______Growth leads to Revenue Growth

So what is the magic formula for revenue growth?  Is there one?  If so, how do we fill in the blank above?

Well, I am not sure if there is a tried-and-true formula, per se, but there is an essential factor. Businesses that grow all have something in common, whether they even know it or not. They grow leaders. Simply put: leadership growth leads to revenue growth.

There is nothing more satisfying for me at JS than to see real leadership growth. To see our leaders shine and mentor future leaders as part of the growing process.

Serving as an effective leader is not easy. It is not for the faint at heart. Author Seth Godin is spot on when he says that “leadership is scarce because few people are willing to go through the discomfort to lead. This scarcity makes leadership valuable.”

Leadership can be uncomfortable, but that is a good sign. It means you are growing, and as Godin underscores in his book Tribes, “if you’re not uncomfortable in your work as a leader, it’s almost certain you’re not reaching your potential as a leader.”

Actually, one of the positive results of the Great Recession of 2009 is we all grew as leaders. The strenuous nature of what we went through toughened us. It made us more resilient, more determined, more appreciative and more focused. I hope as the business climate continues to improve, we don’t lose sight of the numerous lessons learned in 2009.

So what is the most important core element of a leader, the head or the heart?  It is the heart. Great leaders touch the heart first and then teach the head. They realize people do what people see. This fact is worth reemphasizing. People do what people see. As a leader, you want people doing what they are seeing in you. Leaders worth following have the following:

  • They have the courage to act. They are humble yet relentless in moving their teams and company forward.
  • They epitomize the values of their company. You want to see a role model of what the values look like? The leader embodies it with consistency and commitment.
  • Strong leaders inspire in their own unique way. You don’t have to be an extrovert to be the master of energizing others. Introverts are just as effective, sometimes even more so. They have quiet confidence and a sense of calm and singular focus that is motivating. Bill Gates, Warren Buffett and Charles Schwab all describe themselves as introverts.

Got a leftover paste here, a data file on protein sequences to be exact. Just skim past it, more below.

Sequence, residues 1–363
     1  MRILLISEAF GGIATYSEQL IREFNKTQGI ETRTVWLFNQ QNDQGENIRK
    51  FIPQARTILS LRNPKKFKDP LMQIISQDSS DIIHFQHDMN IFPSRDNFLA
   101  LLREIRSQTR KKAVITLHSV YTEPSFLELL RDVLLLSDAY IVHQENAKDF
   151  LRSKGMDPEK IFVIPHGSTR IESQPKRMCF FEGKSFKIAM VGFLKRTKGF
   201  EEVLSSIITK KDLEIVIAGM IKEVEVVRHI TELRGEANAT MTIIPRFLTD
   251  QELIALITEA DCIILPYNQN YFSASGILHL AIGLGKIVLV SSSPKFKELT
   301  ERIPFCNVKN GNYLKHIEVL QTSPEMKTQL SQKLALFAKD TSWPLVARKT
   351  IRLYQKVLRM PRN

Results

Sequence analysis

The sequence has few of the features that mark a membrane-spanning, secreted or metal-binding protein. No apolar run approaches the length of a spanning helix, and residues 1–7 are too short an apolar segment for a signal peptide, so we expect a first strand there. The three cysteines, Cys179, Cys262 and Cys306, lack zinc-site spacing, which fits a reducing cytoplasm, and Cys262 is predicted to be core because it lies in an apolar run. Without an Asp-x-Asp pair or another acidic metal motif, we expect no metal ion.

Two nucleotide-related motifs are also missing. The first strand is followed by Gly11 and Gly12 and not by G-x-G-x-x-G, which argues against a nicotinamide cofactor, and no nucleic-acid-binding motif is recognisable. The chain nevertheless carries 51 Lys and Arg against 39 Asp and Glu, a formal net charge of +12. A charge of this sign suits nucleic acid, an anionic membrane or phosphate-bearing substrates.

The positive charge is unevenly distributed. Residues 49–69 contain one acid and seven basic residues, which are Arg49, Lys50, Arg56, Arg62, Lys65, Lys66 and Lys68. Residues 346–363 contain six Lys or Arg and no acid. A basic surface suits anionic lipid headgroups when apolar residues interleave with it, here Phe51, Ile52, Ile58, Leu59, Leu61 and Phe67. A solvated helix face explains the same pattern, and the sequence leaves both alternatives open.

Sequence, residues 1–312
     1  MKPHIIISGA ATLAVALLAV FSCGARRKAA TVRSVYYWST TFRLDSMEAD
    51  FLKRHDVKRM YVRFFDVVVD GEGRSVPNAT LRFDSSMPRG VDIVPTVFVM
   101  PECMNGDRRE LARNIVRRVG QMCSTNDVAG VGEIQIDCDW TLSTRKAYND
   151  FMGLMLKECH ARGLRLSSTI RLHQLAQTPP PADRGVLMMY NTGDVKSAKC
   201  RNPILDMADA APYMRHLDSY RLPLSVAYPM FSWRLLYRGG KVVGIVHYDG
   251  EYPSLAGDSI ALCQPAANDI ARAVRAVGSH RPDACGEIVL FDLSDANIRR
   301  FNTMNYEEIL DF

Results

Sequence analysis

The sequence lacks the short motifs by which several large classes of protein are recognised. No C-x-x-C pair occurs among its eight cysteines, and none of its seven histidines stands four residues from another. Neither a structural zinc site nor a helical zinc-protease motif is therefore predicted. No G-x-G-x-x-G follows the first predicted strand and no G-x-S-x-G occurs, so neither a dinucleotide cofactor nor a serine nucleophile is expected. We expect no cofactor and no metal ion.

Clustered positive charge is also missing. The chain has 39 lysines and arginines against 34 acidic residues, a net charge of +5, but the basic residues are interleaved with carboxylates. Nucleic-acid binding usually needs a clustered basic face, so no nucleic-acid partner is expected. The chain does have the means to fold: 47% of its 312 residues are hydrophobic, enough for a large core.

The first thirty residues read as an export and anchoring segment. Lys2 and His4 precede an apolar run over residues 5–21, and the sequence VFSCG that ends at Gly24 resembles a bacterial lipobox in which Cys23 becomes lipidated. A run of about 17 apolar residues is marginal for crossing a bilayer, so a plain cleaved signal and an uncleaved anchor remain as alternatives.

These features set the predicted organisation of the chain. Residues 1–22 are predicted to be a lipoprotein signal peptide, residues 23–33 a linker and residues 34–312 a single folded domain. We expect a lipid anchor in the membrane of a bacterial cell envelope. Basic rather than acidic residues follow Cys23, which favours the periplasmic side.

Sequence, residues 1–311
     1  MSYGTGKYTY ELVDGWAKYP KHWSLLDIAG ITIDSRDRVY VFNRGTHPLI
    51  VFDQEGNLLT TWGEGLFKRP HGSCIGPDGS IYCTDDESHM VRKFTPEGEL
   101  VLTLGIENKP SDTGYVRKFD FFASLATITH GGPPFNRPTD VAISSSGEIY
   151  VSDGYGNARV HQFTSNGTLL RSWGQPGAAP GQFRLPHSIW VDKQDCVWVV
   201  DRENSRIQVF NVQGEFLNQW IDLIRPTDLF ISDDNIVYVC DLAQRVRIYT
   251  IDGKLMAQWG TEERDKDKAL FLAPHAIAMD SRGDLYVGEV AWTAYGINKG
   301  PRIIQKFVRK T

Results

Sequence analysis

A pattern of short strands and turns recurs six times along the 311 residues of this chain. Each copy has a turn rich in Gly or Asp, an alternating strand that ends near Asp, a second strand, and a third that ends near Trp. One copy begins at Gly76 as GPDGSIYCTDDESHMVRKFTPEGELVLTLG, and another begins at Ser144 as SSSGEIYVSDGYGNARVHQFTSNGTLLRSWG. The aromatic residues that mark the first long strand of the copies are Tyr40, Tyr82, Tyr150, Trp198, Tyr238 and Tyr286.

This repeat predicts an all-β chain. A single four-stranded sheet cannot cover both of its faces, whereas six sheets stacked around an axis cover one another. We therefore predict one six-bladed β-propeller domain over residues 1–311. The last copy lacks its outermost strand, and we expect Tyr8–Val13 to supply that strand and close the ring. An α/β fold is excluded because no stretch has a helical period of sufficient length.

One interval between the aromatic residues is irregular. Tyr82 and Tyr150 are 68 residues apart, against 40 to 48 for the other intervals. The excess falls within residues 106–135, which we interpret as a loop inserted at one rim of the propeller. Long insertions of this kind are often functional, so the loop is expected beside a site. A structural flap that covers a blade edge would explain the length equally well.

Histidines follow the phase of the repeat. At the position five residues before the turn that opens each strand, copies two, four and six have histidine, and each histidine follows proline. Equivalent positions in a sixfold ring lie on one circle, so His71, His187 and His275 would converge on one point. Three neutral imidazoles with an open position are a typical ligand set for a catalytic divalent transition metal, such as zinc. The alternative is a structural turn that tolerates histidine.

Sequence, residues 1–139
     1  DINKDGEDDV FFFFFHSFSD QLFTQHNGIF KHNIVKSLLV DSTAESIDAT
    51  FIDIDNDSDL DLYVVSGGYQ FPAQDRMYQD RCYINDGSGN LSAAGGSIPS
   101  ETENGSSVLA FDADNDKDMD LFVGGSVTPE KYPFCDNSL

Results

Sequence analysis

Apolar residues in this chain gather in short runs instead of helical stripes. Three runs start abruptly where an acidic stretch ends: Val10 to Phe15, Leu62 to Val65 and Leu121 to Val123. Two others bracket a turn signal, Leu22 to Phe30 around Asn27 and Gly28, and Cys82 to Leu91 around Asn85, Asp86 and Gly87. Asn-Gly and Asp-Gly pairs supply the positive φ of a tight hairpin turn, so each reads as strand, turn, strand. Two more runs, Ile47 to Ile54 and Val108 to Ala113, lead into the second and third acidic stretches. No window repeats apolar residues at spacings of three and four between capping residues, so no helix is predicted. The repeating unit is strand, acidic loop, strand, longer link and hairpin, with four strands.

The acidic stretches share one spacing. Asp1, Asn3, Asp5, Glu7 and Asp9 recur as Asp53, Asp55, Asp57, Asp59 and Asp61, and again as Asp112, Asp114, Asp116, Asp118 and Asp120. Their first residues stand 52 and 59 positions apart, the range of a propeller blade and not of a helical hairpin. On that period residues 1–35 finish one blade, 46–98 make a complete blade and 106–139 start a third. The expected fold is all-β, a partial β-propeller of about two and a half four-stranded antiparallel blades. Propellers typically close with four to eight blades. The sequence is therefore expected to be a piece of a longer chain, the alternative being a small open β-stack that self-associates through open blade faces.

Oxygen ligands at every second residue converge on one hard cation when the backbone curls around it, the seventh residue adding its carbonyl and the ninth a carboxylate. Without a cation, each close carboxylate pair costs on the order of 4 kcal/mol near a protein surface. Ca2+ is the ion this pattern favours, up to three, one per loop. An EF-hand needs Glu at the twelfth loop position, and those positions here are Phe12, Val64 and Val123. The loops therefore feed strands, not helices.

• Leaders serve. No task is too small or too big for them.
  • Leaders are effective communicators. They understand the importance of tone in their communications and have clear messages. The timing and place of their communications are always right.
  • Leaders simplify. They find simple solutions for challenges and avoid complicating things.
  • Leaders are men and women of integrity who are completely trusted and genuinely respected.
  • Leaders anticipate. They see what others don’t see and plan accordingly. As part of this anticipation trait, they see change as a friend, not a foe.
  • Leaders learn every day and are intentional about it.
  • Leaders know when to get out of the way and let the team get in the way. They have a sixth sense as to when the time is right to let go and let others lead.
  • Leaders build and invest in relationships. They understand that relationship building is completely opposite of networking. While networking is about meeting people, relationship building is about investing in people. It is not a task but a commitment. This commitment always involves professional and personal sincerity.
  • And one “never” as a leader: never discourage. The skilled leaders attack the problem — not the person — when faced with a trying situation.

Did you read this list and feel slightly intimidated by what it takes to be a great leader?  Good – that means you’re halfway there. Embrace being uncomfortable in your career; it means you are challenging yourself. Save comfort for mattresses and shoes.